When Cost-Plus Pricing Is A Great Method
Because of its ease of implementation, the cost-plus pricing model is a popular method across a wide range of businesses.SaaS and subscription businesses, on the other hand, swiftly derail the paradigm.
Due to the subscription model's foundation in value-based marketing, it is a great way to make money from your existing customer base.The cost-plus pricing approach ignores the value you deliver to consumers in favor of focusing only on your operational expenses.
Additionally, the physical expenses of creating a product are not often linked with subscriptions.Customers' ongoing financial support is the primary emphasis of SaaS and subscription businesses.As a consequence, most of your clients will have little incentive to value your product because of the expenditures associated in supplying it.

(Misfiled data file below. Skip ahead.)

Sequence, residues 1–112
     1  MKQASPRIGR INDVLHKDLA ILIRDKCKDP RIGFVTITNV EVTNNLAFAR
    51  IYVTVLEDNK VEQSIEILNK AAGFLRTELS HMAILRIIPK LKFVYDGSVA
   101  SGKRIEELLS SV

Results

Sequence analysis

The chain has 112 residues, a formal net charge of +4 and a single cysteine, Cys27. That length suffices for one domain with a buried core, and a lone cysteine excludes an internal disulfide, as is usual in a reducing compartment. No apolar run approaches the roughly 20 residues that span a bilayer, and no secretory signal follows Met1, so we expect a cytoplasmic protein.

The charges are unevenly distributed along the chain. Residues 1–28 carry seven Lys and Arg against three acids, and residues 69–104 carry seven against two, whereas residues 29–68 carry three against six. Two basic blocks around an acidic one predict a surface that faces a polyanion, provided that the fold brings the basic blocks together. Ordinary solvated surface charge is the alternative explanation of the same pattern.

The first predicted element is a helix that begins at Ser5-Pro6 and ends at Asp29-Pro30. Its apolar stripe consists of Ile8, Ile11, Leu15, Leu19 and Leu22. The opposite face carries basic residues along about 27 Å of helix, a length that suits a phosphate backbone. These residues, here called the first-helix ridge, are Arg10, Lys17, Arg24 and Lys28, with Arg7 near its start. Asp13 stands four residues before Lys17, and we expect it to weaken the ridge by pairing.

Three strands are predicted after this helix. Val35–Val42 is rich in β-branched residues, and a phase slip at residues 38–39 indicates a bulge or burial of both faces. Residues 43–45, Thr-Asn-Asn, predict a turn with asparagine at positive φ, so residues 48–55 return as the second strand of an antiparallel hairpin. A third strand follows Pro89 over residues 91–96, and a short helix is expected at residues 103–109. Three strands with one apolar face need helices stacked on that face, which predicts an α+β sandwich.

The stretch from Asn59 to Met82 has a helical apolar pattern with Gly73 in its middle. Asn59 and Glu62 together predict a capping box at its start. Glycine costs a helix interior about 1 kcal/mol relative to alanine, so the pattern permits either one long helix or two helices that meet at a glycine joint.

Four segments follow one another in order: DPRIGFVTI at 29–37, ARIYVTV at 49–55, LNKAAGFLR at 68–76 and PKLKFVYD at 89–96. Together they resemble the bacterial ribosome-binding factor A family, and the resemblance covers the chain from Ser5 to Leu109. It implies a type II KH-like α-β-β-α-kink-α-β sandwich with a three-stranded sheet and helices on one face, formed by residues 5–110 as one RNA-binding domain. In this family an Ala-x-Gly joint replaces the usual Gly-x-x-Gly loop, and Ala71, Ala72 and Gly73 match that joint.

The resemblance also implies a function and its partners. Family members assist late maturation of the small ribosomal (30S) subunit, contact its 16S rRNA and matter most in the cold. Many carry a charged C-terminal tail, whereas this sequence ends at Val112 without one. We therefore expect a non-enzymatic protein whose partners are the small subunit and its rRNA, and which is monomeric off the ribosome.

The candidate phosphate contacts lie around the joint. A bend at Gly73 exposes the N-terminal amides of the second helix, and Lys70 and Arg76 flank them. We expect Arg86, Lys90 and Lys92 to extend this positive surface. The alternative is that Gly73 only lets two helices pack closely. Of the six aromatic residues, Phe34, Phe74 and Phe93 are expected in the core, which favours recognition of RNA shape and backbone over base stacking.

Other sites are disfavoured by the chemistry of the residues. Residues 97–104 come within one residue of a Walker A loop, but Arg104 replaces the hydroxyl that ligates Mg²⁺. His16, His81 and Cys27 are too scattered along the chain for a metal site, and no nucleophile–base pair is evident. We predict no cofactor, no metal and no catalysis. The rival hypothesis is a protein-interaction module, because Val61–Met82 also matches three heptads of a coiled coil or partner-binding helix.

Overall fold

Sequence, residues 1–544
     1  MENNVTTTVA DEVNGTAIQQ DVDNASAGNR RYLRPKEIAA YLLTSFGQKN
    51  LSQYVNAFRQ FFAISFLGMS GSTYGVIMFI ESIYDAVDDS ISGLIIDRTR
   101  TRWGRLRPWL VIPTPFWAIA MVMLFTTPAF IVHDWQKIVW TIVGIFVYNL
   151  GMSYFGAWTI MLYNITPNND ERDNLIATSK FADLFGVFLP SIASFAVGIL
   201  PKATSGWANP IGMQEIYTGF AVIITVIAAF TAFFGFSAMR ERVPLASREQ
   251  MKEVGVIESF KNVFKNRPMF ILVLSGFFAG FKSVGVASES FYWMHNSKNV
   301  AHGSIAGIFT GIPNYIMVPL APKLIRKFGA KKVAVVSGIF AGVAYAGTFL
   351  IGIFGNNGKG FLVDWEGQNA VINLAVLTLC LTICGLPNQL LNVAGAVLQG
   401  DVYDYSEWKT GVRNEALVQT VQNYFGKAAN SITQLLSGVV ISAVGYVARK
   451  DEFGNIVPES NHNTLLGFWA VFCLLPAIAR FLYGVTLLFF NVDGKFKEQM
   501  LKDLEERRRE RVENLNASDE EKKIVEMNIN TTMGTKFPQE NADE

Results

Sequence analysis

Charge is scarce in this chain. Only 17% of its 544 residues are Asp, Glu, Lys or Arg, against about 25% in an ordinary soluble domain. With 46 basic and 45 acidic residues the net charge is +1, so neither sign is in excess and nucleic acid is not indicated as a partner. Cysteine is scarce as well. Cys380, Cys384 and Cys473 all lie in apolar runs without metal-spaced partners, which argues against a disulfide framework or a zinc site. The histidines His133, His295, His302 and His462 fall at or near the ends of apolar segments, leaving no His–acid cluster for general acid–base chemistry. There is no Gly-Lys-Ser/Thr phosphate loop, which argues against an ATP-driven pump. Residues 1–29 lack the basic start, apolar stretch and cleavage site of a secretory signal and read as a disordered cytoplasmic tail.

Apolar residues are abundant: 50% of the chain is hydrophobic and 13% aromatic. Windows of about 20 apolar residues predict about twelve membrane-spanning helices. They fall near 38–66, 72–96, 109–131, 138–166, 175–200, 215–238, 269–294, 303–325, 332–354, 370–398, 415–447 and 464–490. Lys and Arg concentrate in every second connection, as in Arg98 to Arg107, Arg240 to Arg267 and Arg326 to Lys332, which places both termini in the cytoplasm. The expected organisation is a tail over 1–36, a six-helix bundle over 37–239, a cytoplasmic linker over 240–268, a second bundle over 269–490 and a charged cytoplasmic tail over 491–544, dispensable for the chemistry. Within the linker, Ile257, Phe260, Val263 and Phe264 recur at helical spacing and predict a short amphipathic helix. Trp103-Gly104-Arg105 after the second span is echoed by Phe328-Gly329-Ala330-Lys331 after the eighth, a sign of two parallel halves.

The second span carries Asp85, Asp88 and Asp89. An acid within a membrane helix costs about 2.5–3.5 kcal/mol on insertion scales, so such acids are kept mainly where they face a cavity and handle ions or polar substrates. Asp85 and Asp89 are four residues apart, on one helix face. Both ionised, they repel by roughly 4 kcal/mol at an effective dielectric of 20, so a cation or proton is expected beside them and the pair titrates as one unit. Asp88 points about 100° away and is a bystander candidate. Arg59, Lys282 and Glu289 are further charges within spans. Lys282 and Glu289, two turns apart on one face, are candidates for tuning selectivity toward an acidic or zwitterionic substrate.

Using the simplest approach possible, cost plus pricing, it is possible to arrive at a fair price for a product.It's a win-win situation when you create something and then sell it for more money than you paid to build it.Many organizations utilize cost plus pricing as their major pricing approach when introducing items.
It's not uncommon for corporations to figure out their manufacturing costs, figure out their target profit margin, and then place it on a few thousand widgets.That's all there is to it.This strategy requires very little market research and also doesn't evaluate customer desires and rival tactics.